Scandal? What Scandal?

On July 14, Mike Esposito, a record dealer form Phoenix, Arizona made public, via his Youtube channel, that Mobile Fidelity Sound Lab (MoFi), a mainstay of the analogue audiophile world, has been deceiving its customers for years ( … and no one noticed. According to Esposito MoFi has been sourcing many of its most coveted vinyl reissues since at least Sanatana’s Abraxas in 2008 from digital sources (quad DSD files) obtained mainly from Sony/BMG rights holders rather than from the original analogue master tapes. In the passionate world of audiophiles this news exploded like an atom bomb. Even the venerable Washington Post wrote an article about it:


To put this into perspective:

  • MoFi nowhere claimed these records have been sourced without intermediate digital steps. So, MoFi have not violated any legal terms. And as a matter of fact, almost all vinyl issues nowadays are sourced from digital files. So it is absolutely standard procedure. However, given its PR and history, people simply assumed MoFi would cut its reissues directly from the original master tapes (AAA or triple A). So, it is more a question of being highly misleading in their communication than being outright fraudulent.
  • This assumption of the market has in no small part been nurtured by the steep price premia MoFi charges for its LP reissues. Their Ultra Disc One-Step reissues cost about EUR 250,- in Germany. A normal MoFi LP about EUR 90,-. Such steep premia may be justified by the complex process of cutting a high quality vinyl reissue purely in the analogue domain from the original master tapes. For that requires a lot of special equipment, lengthy manual processes and getting access to the original master tape. If MoFi simply used a digital file (from a rights holder) to cut their LPs they are substantially reducing their costs and the prices they charge seem even more inappropriate.
  • Importantly, these digitally sourced vinyl reissues (e.g. Santana’s Abraxas, Miles Davies’ Kind of Blue, Thelonious Monk’s Monk’s Dream or Bob Dylan’s Blood on the Tracks) sound as good as anything that MoFi has ever put out, according to acknowledged audiophile reviewers. So this is not about degraded sound quality. On the contrary, many of these experts thought these albums belong to the best sounding MoFi has ever issued. It is more about frustrated customer expectations, who – rightly or wrongly – expected a pure triple A analogue production. Many of the hard core analogue customers view any digital element as the devils work and cannot be consoled by the good sounding result.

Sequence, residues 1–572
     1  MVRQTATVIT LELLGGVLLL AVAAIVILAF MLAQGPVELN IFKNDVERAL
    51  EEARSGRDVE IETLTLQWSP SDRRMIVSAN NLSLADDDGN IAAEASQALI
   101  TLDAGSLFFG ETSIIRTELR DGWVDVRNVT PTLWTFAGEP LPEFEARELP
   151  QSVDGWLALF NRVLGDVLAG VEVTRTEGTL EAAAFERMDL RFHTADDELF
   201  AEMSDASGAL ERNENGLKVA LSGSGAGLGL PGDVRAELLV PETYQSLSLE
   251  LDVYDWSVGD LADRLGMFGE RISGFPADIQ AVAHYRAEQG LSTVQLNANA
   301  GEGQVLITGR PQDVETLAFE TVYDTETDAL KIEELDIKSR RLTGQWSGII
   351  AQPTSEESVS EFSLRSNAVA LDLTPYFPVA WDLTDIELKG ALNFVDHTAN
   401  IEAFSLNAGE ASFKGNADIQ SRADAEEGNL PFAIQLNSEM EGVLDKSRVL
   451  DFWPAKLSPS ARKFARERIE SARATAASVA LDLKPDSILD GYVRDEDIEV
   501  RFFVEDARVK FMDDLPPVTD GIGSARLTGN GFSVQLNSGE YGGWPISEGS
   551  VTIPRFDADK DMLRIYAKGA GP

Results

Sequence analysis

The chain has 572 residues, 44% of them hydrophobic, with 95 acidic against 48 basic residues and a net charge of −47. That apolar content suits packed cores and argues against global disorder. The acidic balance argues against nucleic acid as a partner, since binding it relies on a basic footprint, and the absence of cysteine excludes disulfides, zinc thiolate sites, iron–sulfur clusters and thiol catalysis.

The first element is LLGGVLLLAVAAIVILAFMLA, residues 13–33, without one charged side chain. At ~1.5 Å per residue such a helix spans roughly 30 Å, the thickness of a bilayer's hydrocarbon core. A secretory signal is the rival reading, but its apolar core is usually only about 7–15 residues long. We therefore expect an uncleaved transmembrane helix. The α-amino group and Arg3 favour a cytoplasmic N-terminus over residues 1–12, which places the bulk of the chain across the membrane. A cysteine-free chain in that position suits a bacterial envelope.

• Even more: MoFi engineers are recognized industry experts and are credibly focussed on the quality of the end product. They are not dogmatic about the ways to achieve the best possible sound quality. And they have left no one in doubt that MoFi will continue and even extent its use of digital masters for LP production, because they are convinced that by doing so they can produce the best sounding LPs (


Some Lessons:

As collateral damage there are a number of famous professional audiophile reviewers (I will not mention names) who have claimed for years if not decades to dislike what they call “digital sound” and that they can always tell the difference. These same reviewers raved about the high quality of the One-Step issues from MoFi for as long as they believed these records were produced triple A. So the revelation that these One-Steps are in fact sourced from digital files embarrasses them to the bone.

It is also most likely that the recent events at MoFi will shake the confidence in the marketing claims and production processes of other vinyl companies and force greater transparency about the provenance of music material.

One part of the scandal is MoFi’s deceptive market communications, which I think is condemnable in and of itself as well as a way to justify inflated prices, but I do not want to go into this. The other part touches on the relationship of analogue vs. digital technologies as a means of faithfully storing and manipulating sound information. The MoFi scandal puts into stark focus some questions that have been lurking in the background for a long time: What really are the qualitative differences, if any, between analogue and digital? And how noticeable are they? And is that passionately drawn borderline between the two technical alternatives really justified nowadays?

One thing seems clear: If some of the best experts in the industry globally – along with all the rest of the consumer world – did not notice any disadvantage in the sound quality of audiophile vinyl LPs produced from digital masters for more than 14 years, but on the contrary time- and-again lauded their analogue sound qualities, than one may conclude, that – properly done – the technology employed is simply not noticeable. Or in other words – if properly done – there are no sonic advantages of analogue music production over digital.

This should be a clear indication for even the diehard analogue disciples to rethink their prejudices and ask themselves whether they want to continue to exclude themselves from some of the best sounding music material for no good reason.


Hear for yourself how beautiful and analogue digital music can sound, if done properly: